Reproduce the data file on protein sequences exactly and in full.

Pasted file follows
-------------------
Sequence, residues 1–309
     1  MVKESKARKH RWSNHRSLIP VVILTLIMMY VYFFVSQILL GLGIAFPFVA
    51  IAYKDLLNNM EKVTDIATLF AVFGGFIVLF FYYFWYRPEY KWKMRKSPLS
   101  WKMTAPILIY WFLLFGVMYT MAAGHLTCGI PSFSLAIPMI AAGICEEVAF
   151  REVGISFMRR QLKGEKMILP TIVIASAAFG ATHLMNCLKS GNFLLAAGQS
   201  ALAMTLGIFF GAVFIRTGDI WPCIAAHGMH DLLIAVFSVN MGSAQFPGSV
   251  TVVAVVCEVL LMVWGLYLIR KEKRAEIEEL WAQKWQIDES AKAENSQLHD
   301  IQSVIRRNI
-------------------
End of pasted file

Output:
Sequence, residues 1–309
     1  MVKESKARKH RWSNHRSLIP VVILTLIMMY VYFFVSQILL GLGIAFPFVA
    51  IAYKDLLNNM EKVTDIATLF AVFGGFIVLF FYYFWYRPEY KWKMRKSPLS
   101  WKMTAPILIY WFLLFGVMYT MAAGHLTCGI PSFSLAIPMI AAGICEEVAF
   151  REVGISFMRR QLKGEKMILP TIVIASAAFG ATHLMNCLKS GNFLLAAGQS
   201  ALAMTLGIFF GAVFIRTGDI WPCIAAHGMH DLLIAVFSVN MGSAQFPGSV
   251  TVVAVVCEVL LMVWGLYLIR KEKRAEIEEL WAQKWQIDES AKAENSQLHD
   301  IQSVIRRNI